Legal Side of Being a Personal Trainer

Updated July 5, 2023
8 min read
Legal Side of Being a Personal Trainer

Introduction

Being a personal trainer involves more than just helping clients achieve their fitness goals and lose some weight. This job entails understanding and navigating the legal aspects that follow literary every business.

In this guide, we'll explore various legal considerations that personal trainers in the U.S. should be aware of to ensure compliance and protect both themselves and their clients. From licenses and regulations to personal training fitness contracts and insurance, we'll cover all the essential legal aspects of being a personal trainer.

Licenses for Personal Trainers

Long before you find clients and sign personal training fitness contracts with them, you need to find out what your state requires of you as a fitness professional. You may need some license or certification to practice you may not even know about.

For instance, in California, personal trainers must obtain certification through a nationally recognized organization, such as ACE or NASM. Check out specific regulations your state demand from potential personal trainers. 

LLC and Business Entity Formation

Personal trainers often create a limited liability company (LLC) or another business entity to manage their financial affairs like real pros. That works like this: you form an LLC that gives you a layer of legal protection, and you separate your personal and business liabilities. Consider it a personal training fitness contract between you and the government. A win-win situation for you both.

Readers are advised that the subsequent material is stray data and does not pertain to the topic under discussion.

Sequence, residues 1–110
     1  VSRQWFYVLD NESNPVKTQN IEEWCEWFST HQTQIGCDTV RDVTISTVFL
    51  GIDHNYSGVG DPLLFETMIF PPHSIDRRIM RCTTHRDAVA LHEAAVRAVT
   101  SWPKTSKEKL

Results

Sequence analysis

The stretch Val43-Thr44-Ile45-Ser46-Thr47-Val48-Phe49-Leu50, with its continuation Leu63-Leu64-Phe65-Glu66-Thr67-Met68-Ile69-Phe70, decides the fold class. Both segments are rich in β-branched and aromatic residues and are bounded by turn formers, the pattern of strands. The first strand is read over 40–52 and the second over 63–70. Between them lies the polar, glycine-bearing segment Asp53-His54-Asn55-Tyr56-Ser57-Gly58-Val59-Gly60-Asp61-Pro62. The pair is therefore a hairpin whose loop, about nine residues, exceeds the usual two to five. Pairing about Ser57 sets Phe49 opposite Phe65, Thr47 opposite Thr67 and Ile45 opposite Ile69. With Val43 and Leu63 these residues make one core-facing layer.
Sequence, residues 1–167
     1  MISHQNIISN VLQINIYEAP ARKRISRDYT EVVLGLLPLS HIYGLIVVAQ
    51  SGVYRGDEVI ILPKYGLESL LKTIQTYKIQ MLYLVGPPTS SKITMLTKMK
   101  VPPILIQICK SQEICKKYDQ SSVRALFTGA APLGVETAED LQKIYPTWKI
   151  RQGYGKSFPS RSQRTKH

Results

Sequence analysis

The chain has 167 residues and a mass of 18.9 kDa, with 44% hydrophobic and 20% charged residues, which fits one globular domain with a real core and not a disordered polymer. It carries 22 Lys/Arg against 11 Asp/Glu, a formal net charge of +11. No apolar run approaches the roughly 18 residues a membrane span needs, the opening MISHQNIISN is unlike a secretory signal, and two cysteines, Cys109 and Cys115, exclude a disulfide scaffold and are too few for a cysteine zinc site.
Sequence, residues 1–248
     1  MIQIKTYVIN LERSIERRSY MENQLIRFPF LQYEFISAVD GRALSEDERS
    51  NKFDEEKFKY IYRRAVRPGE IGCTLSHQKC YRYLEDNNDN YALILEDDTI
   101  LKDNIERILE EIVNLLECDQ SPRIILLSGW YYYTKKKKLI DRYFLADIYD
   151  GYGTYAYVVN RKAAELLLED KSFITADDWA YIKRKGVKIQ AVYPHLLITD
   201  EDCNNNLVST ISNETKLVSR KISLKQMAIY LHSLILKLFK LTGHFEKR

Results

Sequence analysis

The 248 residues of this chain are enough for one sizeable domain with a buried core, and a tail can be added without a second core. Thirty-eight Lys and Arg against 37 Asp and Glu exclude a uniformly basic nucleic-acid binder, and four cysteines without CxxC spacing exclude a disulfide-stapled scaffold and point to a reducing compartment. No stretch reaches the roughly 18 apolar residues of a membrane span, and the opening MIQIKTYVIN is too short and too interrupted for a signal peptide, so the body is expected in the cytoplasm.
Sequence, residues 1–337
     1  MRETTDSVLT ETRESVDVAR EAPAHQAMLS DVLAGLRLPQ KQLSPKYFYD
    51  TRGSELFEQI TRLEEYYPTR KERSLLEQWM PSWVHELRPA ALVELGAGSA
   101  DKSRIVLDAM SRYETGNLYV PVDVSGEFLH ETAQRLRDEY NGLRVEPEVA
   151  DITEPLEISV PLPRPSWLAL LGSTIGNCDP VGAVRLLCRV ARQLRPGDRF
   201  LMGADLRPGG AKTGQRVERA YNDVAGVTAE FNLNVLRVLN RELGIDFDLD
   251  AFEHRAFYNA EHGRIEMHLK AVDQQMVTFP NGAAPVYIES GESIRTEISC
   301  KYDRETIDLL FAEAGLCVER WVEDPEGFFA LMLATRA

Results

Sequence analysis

Before jumping into legalities, consult with lawyers who specialize in assisting small businesses to find the best business structure for your personal training business.

Data Protection for Personal Trainers

As soon as you get a client and sign up for a personal training fitness contract, you become a guardian of someone's personal information. What kind of sensitive information may personal trainers have access to:

  • Clients' medical histories;

  • Records of physical limitations;

  • Clients' progress reports;

  • Personal contact information.

So, with all this information in your hands, you should do two things:

  1. Create a personal training fitness contract where you ensure the client that all the sensitive data collected by you is safe and protected.

  2. Protect that data. You should implement security measures like using secure servers, encrypting data, and following best practices for data management.